Small fitted kitchens

Small kitchens may appear to be a challenge, but if you design them cleverly and change the way you work, you’ll learn to love them. Cooking in a small space has definite advantages, as you have everything within reaching distance and cleaning doesn’t take hours; you’ll get used to tidying up as you go along so you can use the same space for whatever’s next. And last but not least, small can be beautiful.

So, if you want to make your tiny kitchen look larger, functional and stunning, you need to work on four major areas:

1. Storage

The best solution for a small space is a fitted kitchen, so you can use every inch available and reduce clutter. Try to use vertical space and avoid cramming as many units into the room as possible because this will make the kitchen look smaller. A combination of wall mounted racks where you can display your plates and utensils with smart narrow cabinet organizers will keep the room feeling spacious and functional. For example, freestanding pieces with open shelving can make a small kitchen seem larger, and wall shelving into the awkwardly shaped spaces will fill the space with useful storage.

2. Appliances

When it comes to choosing your appliances, keep in mind there are must-haves and nice-to-haves in a kitchen, so make sure you get your priorities right. Appliance manufacturers have come up with space saving refrigerators and cookers, the big two that we all need. There’s a wide choice of 50 cm to 60 cm width freestanding cookers to choose from, as well as tall and slim fridge freezers that are compact on the outside and so big on the inside that you’ll be surprised just how much you can fit into it.

Small appliances like toasters, kettles, blenders, food processors, microwaves, coffee makers and many more can take up valuable counter space. There are no rules to what you should keep at hand, some people can make it without a microwave, but could not live without their dough maker, so the best way to deal with this is to leave your kettle out and just shove the rest into a dedicated cupboard.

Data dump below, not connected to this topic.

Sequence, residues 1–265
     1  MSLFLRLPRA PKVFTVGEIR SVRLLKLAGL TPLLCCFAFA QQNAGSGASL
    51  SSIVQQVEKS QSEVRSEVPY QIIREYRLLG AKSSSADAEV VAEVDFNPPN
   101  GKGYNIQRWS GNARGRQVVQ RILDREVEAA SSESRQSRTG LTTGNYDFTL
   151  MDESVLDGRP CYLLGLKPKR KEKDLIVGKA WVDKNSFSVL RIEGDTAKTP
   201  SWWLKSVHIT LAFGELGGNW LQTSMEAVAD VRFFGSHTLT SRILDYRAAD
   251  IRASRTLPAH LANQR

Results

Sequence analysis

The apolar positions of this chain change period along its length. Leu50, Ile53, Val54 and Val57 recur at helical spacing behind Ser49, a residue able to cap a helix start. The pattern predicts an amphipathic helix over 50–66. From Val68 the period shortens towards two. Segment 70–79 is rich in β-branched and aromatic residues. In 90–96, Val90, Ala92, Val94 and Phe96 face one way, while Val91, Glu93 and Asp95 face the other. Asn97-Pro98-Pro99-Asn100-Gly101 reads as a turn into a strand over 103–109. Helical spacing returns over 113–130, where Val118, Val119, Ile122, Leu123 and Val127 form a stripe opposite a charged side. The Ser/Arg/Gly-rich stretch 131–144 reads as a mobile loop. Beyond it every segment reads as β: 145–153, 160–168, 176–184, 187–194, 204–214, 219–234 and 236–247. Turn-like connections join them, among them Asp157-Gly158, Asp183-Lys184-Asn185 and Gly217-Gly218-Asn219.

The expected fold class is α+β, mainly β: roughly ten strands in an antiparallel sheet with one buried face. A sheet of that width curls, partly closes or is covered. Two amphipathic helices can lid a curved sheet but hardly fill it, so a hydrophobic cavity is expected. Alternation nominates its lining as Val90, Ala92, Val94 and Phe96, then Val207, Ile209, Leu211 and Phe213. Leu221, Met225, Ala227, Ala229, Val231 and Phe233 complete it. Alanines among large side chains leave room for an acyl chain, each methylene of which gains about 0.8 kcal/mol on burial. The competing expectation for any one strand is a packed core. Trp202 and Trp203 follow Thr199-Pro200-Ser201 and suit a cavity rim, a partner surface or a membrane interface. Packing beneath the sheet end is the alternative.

3. Natural light and artificial lighting

A small kitchen needs all the light it can get, so keep the window free of clutter and let the sunshine in.

Consider putting a big window over the sink if you can, perfect for connecting the kitchen to the outdoors and making it look more spacious. Don’t cover your kitchen window with heavy curtains or window treatments. Try window film if you need privacy; it is cheap, easy to apply and allows in maximum light.

With clever lighting to help illuminate dark spots you can create an illusion of more space and make cooking easier. Use feature lights to highlight open shelving and downlighters beneath cupboards to ensure good lighting for when you’re cooking and soften the impact of cupboards. 

4. Style and colour

When you’re short on space doesn’t mean you have to compromise on looks. Keep it simple and subtle. The more streamlined it is, the bigger it feels. Glossy units with sliding doors reflect lots of light making the space feel larger and they are very trendy right now.

Creams and whites are ideal for small kitchens, but use several shades and combine textures to keep the room from feeling sterile. If you like to play with colour, a great strategy is to keep expensive items such as cabinets, worktops and floors neutral and save the bold colours for things that are easy to change like wall paint or window frames.

 We work with the best kitchen designers and fitters in your area and can help you get the most competitive price.